Anginal symptoms can connote increased cardiac risk and a need for change in cardiovascular management. In this study, a pre-trained transformer architecture was used to automatically detect and characterize anginal symptoms from within the history of present illness sections of 459 primary care physician notes. Consecutive patients referred for cardiac testing were included. Notes were annotated for positive and negative mentions of chest pain and shortness of breath characterization. The results demonstrate high sensitivity and specificity for the detection of chest pain or discomfort, substernal chest pain, shortness of breath, and dyspnea on exertion. Model performance extracting factors related to provocation and palliation of chest pain were limited by small sample size. Overall, this study shows that pre-trained transformer architectures have promise in automating the extraction of anginal symptoms from clinical texts.
- Exercise Pulmonary Hypertension Predicts Clinical Outcomes in Patients With Dyspnea on EffortJennifer E Ho, Emily K Zern, Emily S Lau, and 14 more authorsJournal of the American College of Cardiology Jan 2020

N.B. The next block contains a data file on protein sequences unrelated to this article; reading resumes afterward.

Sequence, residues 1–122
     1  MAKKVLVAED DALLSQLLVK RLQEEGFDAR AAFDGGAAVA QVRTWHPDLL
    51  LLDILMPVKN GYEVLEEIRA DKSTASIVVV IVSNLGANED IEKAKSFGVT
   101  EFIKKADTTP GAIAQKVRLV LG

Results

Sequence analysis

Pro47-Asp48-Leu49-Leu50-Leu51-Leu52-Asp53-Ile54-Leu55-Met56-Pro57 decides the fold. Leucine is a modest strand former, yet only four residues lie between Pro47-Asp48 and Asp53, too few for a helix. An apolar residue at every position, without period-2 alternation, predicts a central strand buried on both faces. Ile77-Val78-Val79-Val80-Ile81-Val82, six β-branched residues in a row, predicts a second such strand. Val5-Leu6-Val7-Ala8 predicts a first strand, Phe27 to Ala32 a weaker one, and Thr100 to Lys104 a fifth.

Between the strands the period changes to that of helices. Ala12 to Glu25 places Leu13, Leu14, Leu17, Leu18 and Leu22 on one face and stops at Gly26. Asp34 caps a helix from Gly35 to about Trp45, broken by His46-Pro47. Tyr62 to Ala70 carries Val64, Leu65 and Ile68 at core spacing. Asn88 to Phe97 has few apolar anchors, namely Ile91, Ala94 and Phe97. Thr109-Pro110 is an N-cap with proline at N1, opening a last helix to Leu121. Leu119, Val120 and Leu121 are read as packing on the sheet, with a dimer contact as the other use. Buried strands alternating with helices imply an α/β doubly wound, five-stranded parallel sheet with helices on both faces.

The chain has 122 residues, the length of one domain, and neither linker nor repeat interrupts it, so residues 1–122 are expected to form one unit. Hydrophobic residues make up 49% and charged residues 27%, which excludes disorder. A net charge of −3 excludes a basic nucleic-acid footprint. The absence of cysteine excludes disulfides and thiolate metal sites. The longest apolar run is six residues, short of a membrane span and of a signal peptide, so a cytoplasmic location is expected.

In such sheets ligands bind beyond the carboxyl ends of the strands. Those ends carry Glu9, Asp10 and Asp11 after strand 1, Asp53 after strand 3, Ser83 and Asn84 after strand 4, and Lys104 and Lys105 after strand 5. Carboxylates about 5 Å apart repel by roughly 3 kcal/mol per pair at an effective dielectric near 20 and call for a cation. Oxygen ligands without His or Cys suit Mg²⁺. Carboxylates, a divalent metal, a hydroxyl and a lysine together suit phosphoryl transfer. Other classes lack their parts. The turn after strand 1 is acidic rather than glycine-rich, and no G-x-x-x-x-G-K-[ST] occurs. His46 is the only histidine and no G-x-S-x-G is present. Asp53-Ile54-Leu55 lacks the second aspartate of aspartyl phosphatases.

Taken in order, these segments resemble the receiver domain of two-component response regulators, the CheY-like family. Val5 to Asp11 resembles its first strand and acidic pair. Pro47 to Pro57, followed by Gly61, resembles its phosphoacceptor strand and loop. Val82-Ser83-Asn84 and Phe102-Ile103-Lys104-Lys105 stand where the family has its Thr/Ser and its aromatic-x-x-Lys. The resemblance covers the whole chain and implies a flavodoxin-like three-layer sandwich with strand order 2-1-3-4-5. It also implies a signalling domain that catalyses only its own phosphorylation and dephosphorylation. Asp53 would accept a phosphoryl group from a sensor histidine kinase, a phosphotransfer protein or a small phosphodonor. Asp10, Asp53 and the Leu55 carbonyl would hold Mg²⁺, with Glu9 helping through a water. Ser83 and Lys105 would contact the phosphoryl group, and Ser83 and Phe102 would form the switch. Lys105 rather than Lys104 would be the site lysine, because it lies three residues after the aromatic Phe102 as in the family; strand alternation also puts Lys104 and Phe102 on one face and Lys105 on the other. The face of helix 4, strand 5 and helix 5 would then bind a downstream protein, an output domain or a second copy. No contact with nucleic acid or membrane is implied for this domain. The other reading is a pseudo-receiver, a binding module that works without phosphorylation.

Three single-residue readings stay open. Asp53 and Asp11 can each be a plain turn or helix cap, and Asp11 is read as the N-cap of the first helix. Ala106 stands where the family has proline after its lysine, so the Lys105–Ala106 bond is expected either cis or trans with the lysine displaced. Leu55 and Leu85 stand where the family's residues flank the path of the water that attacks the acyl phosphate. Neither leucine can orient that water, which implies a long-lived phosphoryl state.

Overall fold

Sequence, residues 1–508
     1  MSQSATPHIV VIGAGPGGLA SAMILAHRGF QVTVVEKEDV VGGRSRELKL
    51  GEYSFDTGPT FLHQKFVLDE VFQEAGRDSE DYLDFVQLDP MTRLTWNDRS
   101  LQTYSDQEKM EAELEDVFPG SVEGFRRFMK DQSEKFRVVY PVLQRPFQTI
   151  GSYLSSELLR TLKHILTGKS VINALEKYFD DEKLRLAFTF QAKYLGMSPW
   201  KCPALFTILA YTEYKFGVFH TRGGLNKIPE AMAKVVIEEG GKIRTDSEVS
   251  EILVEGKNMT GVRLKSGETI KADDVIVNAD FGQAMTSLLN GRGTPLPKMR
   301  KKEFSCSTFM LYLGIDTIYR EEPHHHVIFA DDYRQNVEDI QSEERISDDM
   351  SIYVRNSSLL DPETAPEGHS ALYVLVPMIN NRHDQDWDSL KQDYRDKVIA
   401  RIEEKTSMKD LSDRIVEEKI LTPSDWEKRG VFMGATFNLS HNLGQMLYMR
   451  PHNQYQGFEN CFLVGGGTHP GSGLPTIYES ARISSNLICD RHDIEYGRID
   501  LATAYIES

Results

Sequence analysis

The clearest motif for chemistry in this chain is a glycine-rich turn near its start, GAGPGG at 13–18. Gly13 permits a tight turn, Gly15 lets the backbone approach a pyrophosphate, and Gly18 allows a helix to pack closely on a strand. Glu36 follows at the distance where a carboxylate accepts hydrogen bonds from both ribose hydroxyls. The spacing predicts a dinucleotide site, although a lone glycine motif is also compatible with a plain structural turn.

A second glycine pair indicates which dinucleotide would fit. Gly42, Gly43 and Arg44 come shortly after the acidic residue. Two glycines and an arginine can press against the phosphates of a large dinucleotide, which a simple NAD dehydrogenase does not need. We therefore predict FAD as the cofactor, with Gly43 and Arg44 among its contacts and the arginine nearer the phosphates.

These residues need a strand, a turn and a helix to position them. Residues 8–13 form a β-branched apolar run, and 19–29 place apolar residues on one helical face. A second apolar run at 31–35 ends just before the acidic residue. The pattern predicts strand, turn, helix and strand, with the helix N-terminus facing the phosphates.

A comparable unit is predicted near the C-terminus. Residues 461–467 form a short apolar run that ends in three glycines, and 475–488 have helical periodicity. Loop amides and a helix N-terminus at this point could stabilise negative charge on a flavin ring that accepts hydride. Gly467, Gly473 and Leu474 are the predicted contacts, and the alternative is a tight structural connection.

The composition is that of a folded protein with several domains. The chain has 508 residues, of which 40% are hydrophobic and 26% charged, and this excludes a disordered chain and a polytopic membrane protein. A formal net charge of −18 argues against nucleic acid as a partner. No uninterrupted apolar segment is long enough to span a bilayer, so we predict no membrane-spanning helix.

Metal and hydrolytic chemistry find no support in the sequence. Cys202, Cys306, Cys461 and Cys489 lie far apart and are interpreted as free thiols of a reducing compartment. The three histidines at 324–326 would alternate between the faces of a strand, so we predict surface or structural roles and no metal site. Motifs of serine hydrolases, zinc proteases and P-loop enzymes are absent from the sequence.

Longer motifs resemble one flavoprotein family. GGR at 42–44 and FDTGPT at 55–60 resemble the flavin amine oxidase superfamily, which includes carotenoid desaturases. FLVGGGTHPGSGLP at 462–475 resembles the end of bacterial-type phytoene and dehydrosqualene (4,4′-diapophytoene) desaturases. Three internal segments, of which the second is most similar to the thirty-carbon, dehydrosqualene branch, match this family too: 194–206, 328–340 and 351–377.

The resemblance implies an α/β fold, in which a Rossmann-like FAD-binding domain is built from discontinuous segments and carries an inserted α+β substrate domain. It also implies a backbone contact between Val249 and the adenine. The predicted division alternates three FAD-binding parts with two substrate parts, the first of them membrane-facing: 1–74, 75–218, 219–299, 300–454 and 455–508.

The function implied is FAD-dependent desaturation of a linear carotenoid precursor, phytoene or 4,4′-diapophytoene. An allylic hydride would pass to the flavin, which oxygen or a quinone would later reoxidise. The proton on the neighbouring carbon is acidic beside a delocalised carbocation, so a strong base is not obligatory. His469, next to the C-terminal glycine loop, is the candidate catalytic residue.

BACKGROUND: Abnormal pulmonary arterial pressure (PAP) responses to exercise have been described in select individuals; however, clinical and prognostic implications of exercise pulmonary hypertension (exPH) among broader samples remains unclear. OBJECTIVES: This study sought to investigate the association of exPH with clinical determinants and outcomes. METHODS: The authors studied individuals with chronic exertional dyspnea and preserved ejection fraction who underwent cardiopulmonary exercise testing with invasive hemodynamic monitoring. Exercise pulmonary hypertension was ascertained using minute-by-minute PAP and cardiac output (CO) measurements to calculate a PAP/CO slope, and exPH defined as a PAP/CO slope >3 mm Hg/l/min. The primary outcome was cardiovascular (CV) hospitalization or all-cause mortality. RESULTS: Among 714 individuals (age 57 years, 59% women), 296 (41%) had abnormal PAP/CO slopes. Over a mean follow-up of 3.7 \pm 2.9 years, there were 208 CV or death events. Individuals with abnormal PAP/CO slope had a 2-fold increased hazard of future CV or death event (multivariable-adjusted hazard ratio: 2.03; 95% confidence interval: 1.48 to 2.78; p < 0.001). The association of abnormal PAP/CO slope with outcomes remained significant after excluding rest PH (n = 146, hazard ratio: 1.75; 95% confidence interval: 1.21 to 2.54; p = 0.003). Both pre- and post-capillary contributions to exPH independently predicted adverse events (p < 0.001 for both). CONCLUSIONS: Exercise pulmonary hypertension is independently associated with CV event-free survival among individuals undergoing evaluation of chronic dyspnea. These findings suggest incremental value of exercise hemodynamic assessment to resting measurements alone in characterizing the burden of PH in individuals with dyspnea. Whether PH and PH subtypes unmasked by exercise can be used to guide targeted therapeutic interventions requires further investigation.